From math to doodles
Commercial artist harnesses insight, imagination and inspiration
When Gao Youjun graduated from the School of Mathematics at Shanghai Jiao Tong University in 1989, he decided to pursue his dream of drawing by completing a major in design at the Academy of Arts & Design, Tsinghua University.
After that, he entered the prosperous advertising industry, when almost every advertiser was fairly enthusiastic and eloquent.
Gao’s style was always deliberate and he presented his freehand stories — which are lively and intuitive, and more than just beautiful words — in a soft voice. It was during these years that he began to enjoy drawing in his spare time using his pen-name, Tango, which is now more recognized than that of Gao.
A good advert is e r requires a creative mind. Luckily, his alter-ego Tango helps Gao harness extraordinary insight, imagination and endless inspiration.
At the end of 2010, Tango uploaded an extremely whimsical doodle, “How Does An Elephant Pick His Nose”, on Chinese social media Weibo. After this initial upload, Tango continued to upload one drawing each day for more than three years.
It is Tango’s dream to draw non-business comics with which he can help others and himself. He hopes such drawings can act as an escape for urbanites that suffer from the pressure of life and work, allowing them to feel the beauty of the world.
The works, collectively known as “A Doodle A Day”, most often exemplify his funny and inspiring ideas, but sometimes include barely satisfactory works, which he struggled to create for fans waiting until late at night. Starting from an unknown and lonely advertiser who drew only for himself, Tango has become a comic celebrity on Weibo who shares his laughter and energy with the world.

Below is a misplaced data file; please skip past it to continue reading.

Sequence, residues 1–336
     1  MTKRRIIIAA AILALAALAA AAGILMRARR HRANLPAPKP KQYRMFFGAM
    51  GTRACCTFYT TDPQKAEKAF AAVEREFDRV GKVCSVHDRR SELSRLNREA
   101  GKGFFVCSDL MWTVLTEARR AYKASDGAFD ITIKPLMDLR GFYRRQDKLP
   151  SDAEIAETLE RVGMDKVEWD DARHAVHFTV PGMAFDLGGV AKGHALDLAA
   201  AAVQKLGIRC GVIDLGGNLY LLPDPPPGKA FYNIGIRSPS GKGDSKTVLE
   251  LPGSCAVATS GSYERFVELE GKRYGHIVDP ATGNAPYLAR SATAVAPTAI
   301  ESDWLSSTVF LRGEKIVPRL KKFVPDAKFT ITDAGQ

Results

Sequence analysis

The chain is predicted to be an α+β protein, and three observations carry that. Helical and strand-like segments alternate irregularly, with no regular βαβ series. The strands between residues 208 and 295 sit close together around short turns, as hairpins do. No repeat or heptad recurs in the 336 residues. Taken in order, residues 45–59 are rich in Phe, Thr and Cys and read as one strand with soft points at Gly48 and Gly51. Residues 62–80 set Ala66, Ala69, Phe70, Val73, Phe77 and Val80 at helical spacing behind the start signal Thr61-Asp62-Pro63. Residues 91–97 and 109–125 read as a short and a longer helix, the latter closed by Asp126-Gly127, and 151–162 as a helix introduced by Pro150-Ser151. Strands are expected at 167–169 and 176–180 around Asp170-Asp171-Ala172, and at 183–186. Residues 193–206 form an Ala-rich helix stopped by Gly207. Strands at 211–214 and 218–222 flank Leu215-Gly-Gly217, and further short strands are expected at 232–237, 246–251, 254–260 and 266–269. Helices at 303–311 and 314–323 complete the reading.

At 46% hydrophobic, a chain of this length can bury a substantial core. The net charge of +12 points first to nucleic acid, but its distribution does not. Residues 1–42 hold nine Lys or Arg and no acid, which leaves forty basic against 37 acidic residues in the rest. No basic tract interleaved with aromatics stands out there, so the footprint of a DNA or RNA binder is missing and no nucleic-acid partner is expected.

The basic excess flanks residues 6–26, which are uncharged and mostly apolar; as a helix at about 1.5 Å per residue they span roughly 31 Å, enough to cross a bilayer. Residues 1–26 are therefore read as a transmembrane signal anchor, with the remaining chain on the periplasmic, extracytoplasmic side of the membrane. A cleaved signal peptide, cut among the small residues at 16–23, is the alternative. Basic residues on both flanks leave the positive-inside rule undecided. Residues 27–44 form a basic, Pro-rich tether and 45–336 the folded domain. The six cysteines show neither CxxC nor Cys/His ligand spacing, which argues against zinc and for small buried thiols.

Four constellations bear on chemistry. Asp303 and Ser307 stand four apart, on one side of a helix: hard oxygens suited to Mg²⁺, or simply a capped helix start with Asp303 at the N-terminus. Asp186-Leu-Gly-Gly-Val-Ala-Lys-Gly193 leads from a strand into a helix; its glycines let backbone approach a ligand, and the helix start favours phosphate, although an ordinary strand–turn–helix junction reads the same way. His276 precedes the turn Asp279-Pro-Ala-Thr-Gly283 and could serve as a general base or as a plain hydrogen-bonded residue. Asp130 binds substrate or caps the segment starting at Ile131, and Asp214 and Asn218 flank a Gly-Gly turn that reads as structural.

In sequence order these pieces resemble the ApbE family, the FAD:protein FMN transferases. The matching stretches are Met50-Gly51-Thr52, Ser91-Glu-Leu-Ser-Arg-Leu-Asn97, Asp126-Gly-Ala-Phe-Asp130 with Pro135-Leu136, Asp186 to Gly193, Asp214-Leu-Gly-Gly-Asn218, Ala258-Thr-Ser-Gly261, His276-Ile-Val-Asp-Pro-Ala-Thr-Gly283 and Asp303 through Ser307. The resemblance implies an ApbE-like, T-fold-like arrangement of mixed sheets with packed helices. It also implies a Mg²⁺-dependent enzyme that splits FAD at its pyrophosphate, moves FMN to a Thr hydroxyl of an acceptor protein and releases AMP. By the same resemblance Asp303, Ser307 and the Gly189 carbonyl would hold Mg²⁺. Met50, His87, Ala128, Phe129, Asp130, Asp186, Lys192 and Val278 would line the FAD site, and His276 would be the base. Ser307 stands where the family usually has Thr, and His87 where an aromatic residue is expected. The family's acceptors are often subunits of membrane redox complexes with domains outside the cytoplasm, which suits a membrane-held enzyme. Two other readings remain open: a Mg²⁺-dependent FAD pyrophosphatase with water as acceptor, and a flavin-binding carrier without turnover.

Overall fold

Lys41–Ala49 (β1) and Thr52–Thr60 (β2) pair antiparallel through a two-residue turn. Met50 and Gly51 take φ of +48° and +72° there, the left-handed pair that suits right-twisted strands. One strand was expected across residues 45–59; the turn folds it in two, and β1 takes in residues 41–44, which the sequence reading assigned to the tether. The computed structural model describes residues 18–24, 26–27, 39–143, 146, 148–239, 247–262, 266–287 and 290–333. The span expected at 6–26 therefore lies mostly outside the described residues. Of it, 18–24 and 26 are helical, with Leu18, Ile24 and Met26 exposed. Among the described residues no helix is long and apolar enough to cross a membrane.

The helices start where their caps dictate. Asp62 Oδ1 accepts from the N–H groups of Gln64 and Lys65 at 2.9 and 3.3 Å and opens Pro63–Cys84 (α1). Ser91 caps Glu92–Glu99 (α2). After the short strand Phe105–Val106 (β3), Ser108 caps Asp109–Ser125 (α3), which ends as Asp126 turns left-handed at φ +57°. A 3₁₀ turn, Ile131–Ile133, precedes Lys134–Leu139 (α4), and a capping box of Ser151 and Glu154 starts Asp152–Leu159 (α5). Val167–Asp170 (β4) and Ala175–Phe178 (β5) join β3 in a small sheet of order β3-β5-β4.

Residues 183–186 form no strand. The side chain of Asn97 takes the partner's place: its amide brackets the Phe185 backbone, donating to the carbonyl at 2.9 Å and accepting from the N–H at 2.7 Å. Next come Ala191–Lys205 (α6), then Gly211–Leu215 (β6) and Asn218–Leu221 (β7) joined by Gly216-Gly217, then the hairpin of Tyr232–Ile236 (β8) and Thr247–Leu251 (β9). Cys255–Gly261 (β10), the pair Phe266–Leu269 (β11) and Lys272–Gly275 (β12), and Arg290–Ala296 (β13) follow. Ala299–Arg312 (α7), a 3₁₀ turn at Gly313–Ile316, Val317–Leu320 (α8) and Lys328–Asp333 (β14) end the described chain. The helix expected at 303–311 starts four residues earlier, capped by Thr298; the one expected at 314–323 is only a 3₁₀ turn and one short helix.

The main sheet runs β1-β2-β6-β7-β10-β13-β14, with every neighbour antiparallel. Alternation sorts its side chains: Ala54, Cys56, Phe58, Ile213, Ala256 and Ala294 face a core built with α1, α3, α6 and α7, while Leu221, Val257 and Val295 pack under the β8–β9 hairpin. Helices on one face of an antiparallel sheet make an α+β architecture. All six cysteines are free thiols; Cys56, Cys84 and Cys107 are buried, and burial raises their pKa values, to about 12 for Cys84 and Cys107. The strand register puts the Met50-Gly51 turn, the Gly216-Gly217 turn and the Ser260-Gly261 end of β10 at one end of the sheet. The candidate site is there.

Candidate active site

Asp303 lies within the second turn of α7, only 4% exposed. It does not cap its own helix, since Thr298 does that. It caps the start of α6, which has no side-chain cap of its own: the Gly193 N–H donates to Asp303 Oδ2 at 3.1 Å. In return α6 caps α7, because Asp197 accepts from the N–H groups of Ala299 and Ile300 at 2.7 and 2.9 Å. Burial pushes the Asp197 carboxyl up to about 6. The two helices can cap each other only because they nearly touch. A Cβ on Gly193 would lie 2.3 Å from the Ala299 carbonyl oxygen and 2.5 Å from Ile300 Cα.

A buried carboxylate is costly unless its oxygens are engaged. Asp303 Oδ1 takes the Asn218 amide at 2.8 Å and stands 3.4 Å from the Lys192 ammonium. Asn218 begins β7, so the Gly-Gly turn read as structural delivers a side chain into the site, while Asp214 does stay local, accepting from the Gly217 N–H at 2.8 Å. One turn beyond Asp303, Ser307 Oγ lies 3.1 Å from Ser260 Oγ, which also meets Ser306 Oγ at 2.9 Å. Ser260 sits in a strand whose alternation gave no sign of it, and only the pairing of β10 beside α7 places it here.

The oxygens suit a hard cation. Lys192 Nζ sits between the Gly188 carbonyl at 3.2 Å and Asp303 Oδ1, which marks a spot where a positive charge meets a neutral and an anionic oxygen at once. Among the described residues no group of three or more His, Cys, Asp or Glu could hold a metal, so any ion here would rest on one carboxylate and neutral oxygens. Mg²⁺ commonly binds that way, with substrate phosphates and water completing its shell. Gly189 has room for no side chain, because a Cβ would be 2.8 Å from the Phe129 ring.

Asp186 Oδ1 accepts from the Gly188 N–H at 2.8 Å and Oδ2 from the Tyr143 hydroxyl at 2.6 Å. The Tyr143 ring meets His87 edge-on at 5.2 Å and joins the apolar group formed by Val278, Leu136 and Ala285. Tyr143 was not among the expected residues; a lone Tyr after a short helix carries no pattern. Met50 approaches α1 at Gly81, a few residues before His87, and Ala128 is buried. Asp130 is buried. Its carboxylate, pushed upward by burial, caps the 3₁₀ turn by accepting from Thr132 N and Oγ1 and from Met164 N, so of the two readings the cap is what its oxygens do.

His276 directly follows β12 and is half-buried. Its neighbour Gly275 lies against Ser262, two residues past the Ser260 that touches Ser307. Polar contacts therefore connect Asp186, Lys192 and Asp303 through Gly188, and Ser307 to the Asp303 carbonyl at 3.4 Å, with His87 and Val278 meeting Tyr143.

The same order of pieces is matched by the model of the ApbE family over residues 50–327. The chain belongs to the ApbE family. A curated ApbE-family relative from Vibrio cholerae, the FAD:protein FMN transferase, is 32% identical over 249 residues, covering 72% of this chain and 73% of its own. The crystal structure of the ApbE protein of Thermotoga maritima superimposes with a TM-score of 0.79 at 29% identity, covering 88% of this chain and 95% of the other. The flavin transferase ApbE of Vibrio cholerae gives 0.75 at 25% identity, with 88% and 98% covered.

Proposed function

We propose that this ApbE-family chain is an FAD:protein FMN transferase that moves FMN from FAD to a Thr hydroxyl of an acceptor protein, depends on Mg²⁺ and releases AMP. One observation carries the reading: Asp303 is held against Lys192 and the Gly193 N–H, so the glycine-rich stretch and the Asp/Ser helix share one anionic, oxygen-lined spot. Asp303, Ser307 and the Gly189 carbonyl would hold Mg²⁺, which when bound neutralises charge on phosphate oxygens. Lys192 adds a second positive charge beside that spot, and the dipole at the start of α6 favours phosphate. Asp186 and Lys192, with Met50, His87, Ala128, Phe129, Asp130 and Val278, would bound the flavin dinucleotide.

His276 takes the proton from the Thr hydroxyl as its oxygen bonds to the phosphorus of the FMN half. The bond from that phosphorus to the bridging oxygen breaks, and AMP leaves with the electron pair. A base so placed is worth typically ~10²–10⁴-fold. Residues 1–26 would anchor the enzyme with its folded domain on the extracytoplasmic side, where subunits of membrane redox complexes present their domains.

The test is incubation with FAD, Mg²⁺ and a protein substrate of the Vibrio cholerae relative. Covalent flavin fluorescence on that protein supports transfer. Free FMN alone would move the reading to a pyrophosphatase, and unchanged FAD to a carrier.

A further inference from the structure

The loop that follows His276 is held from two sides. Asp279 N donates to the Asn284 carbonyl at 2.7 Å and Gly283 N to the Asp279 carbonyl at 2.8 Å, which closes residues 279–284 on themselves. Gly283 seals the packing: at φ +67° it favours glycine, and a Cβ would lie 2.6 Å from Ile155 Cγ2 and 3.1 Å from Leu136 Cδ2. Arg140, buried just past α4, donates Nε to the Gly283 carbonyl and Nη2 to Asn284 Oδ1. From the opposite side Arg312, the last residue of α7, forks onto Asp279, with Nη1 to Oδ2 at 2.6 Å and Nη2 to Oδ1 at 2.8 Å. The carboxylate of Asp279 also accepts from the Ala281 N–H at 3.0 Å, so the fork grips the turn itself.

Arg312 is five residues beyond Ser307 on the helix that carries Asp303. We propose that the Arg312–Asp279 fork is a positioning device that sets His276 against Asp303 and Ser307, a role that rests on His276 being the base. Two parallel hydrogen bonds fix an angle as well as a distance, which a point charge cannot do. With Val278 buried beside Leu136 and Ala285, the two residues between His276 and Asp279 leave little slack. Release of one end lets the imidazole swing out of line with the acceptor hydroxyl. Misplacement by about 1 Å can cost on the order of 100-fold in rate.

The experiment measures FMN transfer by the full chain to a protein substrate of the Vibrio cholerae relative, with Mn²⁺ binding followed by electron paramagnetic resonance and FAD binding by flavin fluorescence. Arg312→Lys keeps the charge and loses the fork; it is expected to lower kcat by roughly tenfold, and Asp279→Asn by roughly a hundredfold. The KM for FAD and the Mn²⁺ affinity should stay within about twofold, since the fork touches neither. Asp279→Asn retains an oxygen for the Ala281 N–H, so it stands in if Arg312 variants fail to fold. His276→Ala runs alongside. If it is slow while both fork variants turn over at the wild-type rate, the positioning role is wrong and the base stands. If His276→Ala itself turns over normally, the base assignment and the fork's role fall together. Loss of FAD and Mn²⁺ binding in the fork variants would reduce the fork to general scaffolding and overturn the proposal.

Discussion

Thus far, he has completed more than 1,200 drawings, thanks to his persistent work to entertain others and himself. Last year, his first comic book, “Sleepless”, was published, containing a selection of his comic drawings from the past three years.
Tango’s doodles have a simple, fluent and funny style. His humor is obvious even without words and thinking. Everything he draws has its own expression. Even air has a shape and a piece of bread can be a protagonist.
“We should seek the joy and surprise in our daily life,” he said. “No matter how small we are and how frustrating life is, we shall endeavor to feel ‘alive’.”
A human being’s existence is a lonely existence. I am not alone at all, yet I am lonely. I make the impossible possible in my dreams. Drawing snapshots and fragments of memory, and posting them online, I find others with a similar spirit and mind. I finally realize I am not the only one who feels lonely, but loneliness is one of the birthmarks of humanity. A doodle a day, time explains how it gains. Unremitting efforts make the meaningless meaningful in the end.”